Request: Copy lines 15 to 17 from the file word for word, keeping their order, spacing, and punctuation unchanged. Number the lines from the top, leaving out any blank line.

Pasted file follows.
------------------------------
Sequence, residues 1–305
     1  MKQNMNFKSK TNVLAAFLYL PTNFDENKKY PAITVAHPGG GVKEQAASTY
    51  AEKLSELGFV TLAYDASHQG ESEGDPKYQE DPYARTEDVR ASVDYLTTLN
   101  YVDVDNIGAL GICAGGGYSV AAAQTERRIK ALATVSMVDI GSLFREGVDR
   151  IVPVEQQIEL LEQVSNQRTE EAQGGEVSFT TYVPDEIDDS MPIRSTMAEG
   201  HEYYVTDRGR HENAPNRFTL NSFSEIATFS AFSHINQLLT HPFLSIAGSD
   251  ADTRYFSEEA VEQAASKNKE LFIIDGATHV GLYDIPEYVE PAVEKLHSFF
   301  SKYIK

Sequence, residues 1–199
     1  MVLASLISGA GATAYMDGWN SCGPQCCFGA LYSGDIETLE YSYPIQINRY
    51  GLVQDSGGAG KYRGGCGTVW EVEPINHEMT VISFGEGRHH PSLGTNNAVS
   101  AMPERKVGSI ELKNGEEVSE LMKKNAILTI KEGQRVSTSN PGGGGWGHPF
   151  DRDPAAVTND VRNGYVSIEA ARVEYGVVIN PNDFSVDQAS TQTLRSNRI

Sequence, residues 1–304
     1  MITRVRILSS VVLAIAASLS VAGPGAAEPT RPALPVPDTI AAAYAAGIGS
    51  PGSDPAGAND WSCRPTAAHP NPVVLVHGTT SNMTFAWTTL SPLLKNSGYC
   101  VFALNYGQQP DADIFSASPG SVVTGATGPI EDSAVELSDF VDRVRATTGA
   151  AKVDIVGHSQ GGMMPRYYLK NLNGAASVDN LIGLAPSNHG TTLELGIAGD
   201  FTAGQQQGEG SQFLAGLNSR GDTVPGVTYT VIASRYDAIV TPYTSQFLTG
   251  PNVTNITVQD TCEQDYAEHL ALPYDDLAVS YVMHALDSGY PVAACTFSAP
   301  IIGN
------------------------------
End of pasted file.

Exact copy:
     1  MITRVRILSS VVLAIAASLS VAGPGAAEPT RPALPVPDTI AAAYAAGIGS
    51  PGSDPAGAND WSCRPTAAHP NPVVLVHGTT SNMTFAWTTL SPLLKNSGYC
   101  VFALNYGQQP DADIFSASPG SVVTGATGPI EDSAVELSDF VDRVRATTGA